Cells about 2.5 to 5.5 microns in diam- Winogradsky, op. cit., 1888, 65, PI. II. Fig. 

eter, spherical to ovoid. Swarmers actively 1-7. 

motile by means of polar flagella. 

^ , . f, 1, . . , , 2. Ihiocystis rufa vVmogradsky, 1888. 

Colonies: Small, inside a common capsule, f lu + • t • • looo /=\ 



containing not over 30 cells. Several such 

colonies form loosely arranged aggregates, 

most characteristically composed of about _, , , n i , ^i. • ., , 

,- ^ _„ , . . • 1 IT., Color red, usually darker than in the type 

10 to 20 colonies in a single capsule. The re- . ' ,/ n «• j • l 



(Schwefelbacterien, Leipzig, 1888, 65.) 
ru'fa. L. adj. rujus red, reddish. 
Cells less than 1 micron in diameter. 



suit is a nearly spherical zoogloea. In small 

colonies, the cells appear as rather distinct ""oT bl*'"k 



species. When the cells are stuffed with 
sulfur globules, the aggregates appear al- 



tetrads; in larger colonies, the cells become 



The common gelatinous capsule usually 



somewhat compressed and the tetrad-like .obtains a far greater number of closely 

arrangement may be lost. p^^j^^^ individual colonies than is the case 

In pure cultures, the species often fails to Jq Thiocystis violacea. 

produce the characteristic capsules; the or- Habitat: Mud and stagnant water con- 

ganisms then occur as actively motile single taining hydrogen sulfide and exposed to 

cells or diplococci, with little or no slime light; sulfur springs, 

formation. No pseudocapsules are formed. Illustration: Winogradsky, loc. cit., PI. 

Habitat: Mud and stagnant water con- II, fig. 8. 

Genus VII. Lamprocystis Schroeter, 1886. 

(In part, Clathrocystis Cohn, Beitr. Biol. Pfl., /, Heft 3, 1875, 156; in part, Cohnia Winter, 
in Rabenhorst, Kryptogamen-Flora, 2 Aufl., 1884, 48; not Cohnia Kunth, Enumeratio plan- 
tarum, 5, 1850, 35; Schroeter, Die Pilze Schlesiens, in Cohn, Kryptogamen-Flora von 
Schle-sien, 3, 1, 1886, 151.) 

Lam.pro.cys'tis. Gr. adj. lamprus bright, brilliant; Or. noun cystis the bladder, a bag; 
M.L. fem.n. Lamprocystis a brilliant bag. 

Sulfur purple bacteria which form more or less large aggregates of cells enclosed in a 
common gelatinous capsule. Individual cells spherical to ovoid. Small aggregates closely 
resemble those of Thiocystis, even to the extent of the tetrad-like arrangement of cells in 
the small colonies. Behavior of the large aggregates during development appears to be 
different; the small individual cell groups or colonies do not emerge from the slime capsule 
until the initially relatively compact cell mass becomes broken up into smaller clusters, 
these eventually forming a somewhat net-like structure. This behavior has been ascribed 
to a change in the mode of cell division which at first appears to take place in three per- 
pendicular planes and later presumably changes to a division in only two directions. Cells 



44 ORDER I. PSEUDOMONADALES 

when free are motile by means of polar fiagella. In pure culture also this type rarely, if ever, 
produces large aggregates with the development here mentioned as characteristic for the 
genus (Bavendamm, Die farblosen und roten Schwefelbakterien, Pflanzenforschung, Heft 
2, 1924, 76). This, along with the other similarities, makes it doubtful whether future studies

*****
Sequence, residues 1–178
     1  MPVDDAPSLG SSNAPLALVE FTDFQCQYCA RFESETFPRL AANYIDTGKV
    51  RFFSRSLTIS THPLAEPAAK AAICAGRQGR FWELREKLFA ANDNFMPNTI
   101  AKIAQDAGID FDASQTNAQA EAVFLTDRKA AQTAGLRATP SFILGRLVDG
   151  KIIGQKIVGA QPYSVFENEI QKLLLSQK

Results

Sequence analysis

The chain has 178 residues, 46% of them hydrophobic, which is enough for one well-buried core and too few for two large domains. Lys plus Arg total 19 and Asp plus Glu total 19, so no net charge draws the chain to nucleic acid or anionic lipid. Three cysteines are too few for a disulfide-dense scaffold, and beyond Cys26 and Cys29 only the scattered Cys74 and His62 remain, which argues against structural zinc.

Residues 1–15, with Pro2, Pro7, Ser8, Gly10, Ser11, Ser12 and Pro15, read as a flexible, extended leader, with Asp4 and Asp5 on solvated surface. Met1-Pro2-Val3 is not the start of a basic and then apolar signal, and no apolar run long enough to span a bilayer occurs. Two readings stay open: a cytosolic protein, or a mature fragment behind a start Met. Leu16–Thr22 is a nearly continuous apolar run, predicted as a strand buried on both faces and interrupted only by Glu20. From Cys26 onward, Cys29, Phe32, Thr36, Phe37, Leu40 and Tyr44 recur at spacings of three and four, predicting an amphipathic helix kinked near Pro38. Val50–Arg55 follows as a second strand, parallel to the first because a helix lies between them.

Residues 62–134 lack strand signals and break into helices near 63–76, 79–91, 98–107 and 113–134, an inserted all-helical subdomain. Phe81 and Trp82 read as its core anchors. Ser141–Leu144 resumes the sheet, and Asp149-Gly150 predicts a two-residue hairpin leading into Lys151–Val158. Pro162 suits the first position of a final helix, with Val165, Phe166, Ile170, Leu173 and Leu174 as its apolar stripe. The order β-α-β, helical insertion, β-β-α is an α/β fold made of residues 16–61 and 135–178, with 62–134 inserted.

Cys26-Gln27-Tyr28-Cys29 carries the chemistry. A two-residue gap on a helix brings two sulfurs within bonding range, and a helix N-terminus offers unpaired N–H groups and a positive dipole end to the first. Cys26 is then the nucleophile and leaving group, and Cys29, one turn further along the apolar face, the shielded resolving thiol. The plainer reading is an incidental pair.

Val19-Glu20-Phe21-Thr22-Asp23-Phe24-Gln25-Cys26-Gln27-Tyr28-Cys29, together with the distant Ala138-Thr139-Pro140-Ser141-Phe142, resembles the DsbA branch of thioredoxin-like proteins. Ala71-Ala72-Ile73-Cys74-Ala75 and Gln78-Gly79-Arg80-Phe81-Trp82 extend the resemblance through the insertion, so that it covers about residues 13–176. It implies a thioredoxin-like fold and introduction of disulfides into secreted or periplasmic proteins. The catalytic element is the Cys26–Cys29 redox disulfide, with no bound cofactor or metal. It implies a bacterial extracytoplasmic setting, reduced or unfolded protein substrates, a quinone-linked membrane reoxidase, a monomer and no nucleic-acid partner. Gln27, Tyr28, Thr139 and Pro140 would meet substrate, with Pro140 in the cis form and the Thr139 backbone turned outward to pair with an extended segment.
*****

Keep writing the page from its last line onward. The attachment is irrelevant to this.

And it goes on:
will result in the retention of the genera Lamprocijsiis and Thiocystis side by side. Produce 
bacteriochlorophyll and carotenoid pigments, coloring the cell masses purplish pink to red. 
Capable of photosynthesis in the presence of hj'drogen sulfide, storing elemental sulfur as 
globules inside the cells. 
The type species is Lamprocystis roseopersidna (Kiitzing) Schroeter. 

1. Lamprocystis roseopersicina (Kiitz- Winogradsky reports that the cells fre- 
ing, 1849) Schroeter, 1886. (Protococcus quently contain pseudovacuoles. 
roseopersicinus Kiitzing, Species Algarum, Habitat: Mud and stagnant water con- 
Leipzig, 1849, 196; Schroeter, in Cohn, taining hydrogen sulfide and exposed to 
Kryptogamen-Flora von Schlesien, 3, 1, light; sulfur springs. 
1886, 151.) Illustrations: Warming, Videnskab. 

ro.se.o.per.si.ci'na. L. adj. roseus rosy; Meddel. naturhistor. Foren., Kjobenhavn, 

Gr. noun persiCMS the peach (Persian apple); 1876, PI. VIII, fig. 3 g; Zopf, Z. Morphol. 

M.L. adj. roseopersicinus rosy peach (-col- d. Spaltpflanzen, Leipzig, 1882, PI. V, fig. 8, 

ored). 13; Winogradsky, Schwefelbacterien, Leip- 

Cells spherical to ovoid, 2 to 2.5 microns zig, 1888, PI. II, fig. 9-15; Bavendamm, Die 

in diameter, up to 5 microns long before cell farblosen und roten Schwefelbakterien, 

division. Motile by means of polar flagella. Jena, 1924, PI. II, fig. 3. 

Genus VIII. Amoebobacter Winogradsky , 18SS. 

(Schwefelbacterien, Leipzig, 1888, 71.) 

A.moe.bo.bac'ter. M.L. noun Amoeba a protozoan genus; Gr. noun amoebe change, trans- 
formation; M.L. noun bacter a rod; M.L. mas.n. Amoebobacter changeable rod. 

Sulfur purple bacteria, usually occurring in aggregates composed of many individuals 
without a characteristic common capsule. Slime formation can, nevertheless, be observed 
with very small colonies. With growth of the individual cells, the capsule bursts and the 
cell mass slowly moves out while the bacteria remain united. The colonies change their 
shape during growth and in response to environmental influences; the individual cells ap- 
pear motile and cause the movements of the entire colon3^ Winogradsky ascribes the co- 
herence of the cell masses to the existence of interconnecting protoplasmic filaments be- 
tween cells, but these have never been observed, and their occurrence is extremely doubtful. 
It is much more probable that the bacteria are held together by mucus, though not so much 
of the latter is produced as to form a clearly discernible capsule. Produce bacteriochloro-